Published online by Cambridge University Press: 05 March 2012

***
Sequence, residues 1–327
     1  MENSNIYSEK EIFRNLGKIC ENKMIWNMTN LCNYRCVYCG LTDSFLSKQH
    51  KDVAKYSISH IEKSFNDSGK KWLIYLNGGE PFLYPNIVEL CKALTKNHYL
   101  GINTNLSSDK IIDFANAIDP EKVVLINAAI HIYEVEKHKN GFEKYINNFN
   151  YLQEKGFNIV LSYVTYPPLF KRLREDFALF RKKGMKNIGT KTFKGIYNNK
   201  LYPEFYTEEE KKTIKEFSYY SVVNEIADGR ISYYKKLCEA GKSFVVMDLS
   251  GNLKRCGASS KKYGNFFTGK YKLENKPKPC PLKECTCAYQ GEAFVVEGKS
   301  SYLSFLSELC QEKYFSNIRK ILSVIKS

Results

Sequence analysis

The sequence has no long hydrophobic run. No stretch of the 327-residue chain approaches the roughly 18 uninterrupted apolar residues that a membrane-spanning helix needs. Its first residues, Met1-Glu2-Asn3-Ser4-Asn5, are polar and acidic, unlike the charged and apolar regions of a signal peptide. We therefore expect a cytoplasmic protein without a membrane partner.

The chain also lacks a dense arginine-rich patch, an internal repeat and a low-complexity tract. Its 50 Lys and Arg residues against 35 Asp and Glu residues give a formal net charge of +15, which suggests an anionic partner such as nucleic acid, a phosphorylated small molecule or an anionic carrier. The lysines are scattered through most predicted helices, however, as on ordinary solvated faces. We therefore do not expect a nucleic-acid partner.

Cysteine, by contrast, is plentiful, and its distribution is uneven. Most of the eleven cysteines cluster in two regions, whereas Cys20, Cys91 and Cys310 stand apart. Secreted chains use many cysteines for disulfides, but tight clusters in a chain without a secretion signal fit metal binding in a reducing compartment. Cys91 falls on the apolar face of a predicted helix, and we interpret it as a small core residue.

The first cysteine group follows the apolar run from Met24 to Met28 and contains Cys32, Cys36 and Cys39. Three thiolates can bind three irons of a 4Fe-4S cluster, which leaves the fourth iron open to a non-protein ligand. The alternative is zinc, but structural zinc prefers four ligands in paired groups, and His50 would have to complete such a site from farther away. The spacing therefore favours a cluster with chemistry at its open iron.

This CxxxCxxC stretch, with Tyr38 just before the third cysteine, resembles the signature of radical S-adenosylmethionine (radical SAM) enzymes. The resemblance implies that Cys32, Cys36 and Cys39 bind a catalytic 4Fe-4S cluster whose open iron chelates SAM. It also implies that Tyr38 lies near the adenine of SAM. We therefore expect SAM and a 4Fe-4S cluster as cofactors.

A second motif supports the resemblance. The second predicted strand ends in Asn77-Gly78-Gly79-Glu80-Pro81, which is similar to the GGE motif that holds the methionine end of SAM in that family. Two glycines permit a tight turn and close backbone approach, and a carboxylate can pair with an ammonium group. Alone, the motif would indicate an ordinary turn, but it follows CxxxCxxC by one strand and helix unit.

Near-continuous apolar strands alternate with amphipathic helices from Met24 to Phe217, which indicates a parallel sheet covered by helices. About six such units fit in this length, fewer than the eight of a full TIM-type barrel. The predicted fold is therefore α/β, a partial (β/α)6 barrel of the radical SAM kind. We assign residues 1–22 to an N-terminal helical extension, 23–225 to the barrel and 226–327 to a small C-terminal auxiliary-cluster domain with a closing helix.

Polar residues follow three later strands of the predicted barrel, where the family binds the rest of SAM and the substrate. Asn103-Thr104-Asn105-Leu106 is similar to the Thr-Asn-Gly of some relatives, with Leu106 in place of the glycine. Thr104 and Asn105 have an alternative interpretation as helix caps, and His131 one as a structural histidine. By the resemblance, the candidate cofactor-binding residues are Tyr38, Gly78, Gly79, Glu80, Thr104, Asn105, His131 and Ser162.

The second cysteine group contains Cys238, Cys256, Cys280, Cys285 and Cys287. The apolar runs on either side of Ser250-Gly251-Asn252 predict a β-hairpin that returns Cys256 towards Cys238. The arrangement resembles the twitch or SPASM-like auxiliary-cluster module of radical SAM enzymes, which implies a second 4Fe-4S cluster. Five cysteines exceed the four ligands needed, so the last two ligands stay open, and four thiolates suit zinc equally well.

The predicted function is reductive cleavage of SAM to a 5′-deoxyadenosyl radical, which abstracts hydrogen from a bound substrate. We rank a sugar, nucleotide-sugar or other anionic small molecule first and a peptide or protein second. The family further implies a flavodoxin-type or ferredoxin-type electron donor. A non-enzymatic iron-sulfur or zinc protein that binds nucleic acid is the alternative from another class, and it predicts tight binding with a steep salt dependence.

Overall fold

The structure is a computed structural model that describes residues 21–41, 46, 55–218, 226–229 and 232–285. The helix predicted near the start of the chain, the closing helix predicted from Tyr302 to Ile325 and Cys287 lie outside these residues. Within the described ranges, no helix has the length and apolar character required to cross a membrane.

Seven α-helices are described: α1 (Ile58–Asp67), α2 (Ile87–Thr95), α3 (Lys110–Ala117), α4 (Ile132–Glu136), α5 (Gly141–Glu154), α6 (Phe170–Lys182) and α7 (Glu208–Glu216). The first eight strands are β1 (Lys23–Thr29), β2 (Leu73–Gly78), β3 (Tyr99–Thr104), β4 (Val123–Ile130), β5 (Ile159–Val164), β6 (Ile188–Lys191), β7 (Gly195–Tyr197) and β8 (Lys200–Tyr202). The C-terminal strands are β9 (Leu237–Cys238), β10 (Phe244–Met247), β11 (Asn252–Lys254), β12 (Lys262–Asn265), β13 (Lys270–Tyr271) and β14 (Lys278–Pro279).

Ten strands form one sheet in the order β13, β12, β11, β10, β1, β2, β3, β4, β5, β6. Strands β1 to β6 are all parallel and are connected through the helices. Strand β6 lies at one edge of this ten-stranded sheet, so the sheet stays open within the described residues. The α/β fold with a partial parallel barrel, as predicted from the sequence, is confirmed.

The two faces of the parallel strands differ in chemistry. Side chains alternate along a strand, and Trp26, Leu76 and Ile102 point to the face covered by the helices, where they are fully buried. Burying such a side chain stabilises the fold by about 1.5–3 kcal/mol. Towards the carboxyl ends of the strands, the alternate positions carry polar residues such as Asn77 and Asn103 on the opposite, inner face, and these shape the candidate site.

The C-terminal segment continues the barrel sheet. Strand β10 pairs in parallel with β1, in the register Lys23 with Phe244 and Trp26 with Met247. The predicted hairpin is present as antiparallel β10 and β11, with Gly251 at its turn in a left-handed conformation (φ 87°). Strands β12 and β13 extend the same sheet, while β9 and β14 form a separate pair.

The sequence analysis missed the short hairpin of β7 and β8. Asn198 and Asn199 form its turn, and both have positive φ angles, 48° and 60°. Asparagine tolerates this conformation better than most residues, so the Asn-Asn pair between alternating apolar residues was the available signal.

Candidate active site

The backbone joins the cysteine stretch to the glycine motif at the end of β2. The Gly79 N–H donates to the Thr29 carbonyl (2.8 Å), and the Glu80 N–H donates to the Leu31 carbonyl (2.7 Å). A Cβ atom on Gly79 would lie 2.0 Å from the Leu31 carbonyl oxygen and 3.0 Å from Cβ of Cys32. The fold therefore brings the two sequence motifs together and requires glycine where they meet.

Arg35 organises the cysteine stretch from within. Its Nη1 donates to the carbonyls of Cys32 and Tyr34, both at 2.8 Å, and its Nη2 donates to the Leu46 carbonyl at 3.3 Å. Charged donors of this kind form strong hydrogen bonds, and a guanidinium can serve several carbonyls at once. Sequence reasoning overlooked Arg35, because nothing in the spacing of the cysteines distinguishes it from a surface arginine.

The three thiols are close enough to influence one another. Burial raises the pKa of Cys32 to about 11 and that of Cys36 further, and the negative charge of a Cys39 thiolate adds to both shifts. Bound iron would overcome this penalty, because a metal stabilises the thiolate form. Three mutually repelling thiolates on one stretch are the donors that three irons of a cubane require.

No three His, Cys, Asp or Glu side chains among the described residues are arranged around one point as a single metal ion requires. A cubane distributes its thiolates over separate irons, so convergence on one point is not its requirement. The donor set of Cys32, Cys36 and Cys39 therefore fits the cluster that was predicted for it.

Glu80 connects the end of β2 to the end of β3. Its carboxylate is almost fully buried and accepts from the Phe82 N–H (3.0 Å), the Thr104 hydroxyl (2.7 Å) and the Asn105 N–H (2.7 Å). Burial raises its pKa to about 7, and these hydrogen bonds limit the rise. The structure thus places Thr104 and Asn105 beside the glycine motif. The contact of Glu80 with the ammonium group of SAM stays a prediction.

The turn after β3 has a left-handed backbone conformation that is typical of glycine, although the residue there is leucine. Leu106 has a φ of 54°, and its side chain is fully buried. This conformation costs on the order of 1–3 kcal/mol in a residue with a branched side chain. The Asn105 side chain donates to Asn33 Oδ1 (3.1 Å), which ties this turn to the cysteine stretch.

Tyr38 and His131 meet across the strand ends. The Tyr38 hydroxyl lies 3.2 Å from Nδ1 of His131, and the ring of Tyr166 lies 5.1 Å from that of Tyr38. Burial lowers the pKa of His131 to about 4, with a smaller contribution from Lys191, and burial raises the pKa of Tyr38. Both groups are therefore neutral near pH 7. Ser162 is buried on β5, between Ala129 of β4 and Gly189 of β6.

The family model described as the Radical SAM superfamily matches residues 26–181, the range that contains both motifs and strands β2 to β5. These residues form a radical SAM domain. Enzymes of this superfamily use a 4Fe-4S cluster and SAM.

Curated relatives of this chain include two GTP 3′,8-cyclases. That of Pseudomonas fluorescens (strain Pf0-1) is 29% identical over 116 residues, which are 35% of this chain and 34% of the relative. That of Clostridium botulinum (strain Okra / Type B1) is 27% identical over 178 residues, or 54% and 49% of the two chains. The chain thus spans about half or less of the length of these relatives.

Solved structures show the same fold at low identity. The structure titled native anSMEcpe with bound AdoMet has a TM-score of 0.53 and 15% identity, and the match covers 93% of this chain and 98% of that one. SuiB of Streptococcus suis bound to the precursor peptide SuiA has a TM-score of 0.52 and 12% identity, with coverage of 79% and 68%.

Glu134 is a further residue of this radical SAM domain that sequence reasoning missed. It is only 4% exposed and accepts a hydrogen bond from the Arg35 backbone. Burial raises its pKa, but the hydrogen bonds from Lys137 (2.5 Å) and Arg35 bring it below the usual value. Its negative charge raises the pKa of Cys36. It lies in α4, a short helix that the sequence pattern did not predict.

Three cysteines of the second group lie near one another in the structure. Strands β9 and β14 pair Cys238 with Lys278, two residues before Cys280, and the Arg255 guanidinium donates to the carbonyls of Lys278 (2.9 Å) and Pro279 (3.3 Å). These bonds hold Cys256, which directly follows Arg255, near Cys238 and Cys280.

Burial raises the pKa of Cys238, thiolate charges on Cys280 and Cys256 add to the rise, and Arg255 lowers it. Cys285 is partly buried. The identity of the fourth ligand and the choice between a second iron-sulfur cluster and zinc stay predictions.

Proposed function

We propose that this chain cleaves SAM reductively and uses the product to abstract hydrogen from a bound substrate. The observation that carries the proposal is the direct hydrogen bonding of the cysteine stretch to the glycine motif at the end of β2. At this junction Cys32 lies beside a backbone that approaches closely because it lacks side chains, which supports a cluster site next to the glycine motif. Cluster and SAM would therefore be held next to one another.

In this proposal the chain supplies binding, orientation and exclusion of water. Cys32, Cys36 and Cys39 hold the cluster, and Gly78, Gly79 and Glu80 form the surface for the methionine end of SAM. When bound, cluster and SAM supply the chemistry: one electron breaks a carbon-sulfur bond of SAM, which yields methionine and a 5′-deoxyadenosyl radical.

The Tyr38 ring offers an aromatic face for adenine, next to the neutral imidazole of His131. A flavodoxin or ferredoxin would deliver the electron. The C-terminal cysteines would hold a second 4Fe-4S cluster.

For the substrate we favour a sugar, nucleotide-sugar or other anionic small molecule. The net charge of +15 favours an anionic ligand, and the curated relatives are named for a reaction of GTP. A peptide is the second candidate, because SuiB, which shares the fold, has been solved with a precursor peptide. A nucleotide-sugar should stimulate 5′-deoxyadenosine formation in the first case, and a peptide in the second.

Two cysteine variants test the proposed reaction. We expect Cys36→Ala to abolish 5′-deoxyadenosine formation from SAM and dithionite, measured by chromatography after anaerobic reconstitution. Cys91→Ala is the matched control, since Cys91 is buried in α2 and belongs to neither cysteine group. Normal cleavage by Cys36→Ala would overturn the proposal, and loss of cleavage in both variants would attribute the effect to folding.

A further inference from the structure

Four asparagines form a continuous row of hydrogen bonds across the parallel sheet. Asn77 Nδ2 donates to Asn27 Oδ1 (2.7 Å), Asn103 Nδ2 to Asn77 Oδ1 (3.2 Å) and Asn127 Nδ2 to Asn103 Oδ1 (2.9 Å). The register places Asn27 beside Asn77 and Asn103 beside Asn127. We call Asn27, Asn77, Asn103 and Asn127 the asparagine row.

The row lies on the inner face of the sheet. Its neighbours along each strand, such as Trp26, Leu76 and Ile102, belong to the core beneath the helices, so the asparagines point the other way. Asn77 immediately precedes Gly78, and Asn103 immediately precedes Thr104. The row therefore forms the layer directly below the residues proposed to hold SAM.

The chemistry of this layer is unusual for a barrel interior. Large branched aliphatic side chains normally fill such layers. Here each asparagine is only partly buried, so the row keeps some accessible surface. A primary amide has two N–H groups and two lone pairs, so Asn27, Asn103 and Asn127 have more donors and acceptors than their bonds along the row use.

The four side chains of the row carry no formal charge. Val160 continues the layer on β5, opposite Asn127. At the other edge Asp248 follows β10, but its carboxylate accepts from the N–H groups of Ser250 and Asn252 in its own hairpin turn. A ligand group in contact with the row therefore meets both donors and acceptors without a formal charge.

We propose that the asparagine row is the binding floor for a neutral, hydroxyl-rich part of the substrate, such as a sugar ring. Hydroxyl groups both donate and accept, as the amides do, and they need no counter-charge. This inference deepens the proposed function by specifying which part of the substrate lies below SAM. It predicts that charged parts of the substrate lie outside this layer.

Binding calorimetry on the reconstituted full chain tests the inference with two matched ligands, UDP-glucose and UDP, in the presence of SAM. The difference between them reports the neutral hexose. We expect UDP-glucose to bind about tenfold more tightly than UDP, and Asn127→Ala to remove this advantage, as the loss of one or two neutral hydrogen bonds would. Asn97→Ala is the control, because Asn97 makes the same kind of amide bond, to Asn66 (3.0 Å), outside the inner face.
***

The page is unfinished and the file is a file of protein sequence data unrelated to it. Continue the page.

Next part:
V. S. Naipaul once wrote of his native Trinidad that ‘we were a society with no heroes, except cricketers’. In other times and other places too it is sportsmen who have often most fully embodied the hopes of the lowly and dispossessed. Naipaul's sentiments would be recognized by blacks in the Chicago ghetto, who honour no hero other than Michael Jordan, and by mulattos in the slums of Buenos Aires who are devotees of the deity Diego Maradona. They would also have been appreciated by an Indian not generally known for his interest in sport, Dr B. R. Ambedkar. As an Untouchable boy placed by the accident of birth at the bottom of the Hindu hierarchy Ambedkar, the future draughtsman of the Indian Constitution, took as his hero a slow left-arm bowler named Palwankar Baloo. Year after year Baloo dominated the Bombay Quadrangular which was the showcase cricketing tournament of India at that time. He was one of the first great Indian cricketers and among the earliest public figures to emerge from the ranks of the Untouchables. Now almost wholly forgotten, Palwankar Baloo commanded enormous respect inside and outside his community during his lifetime. Consider thus a little, thirty-page biography published in Poona in 1959 as part of a series of Marathi tracts with the running title ‘Kahintari Navech Kara!’ or ‘Do Something Distinctive!’ Priced at half-a-rupee these booklets were aimed at school and college kids presumed to be in search of role models.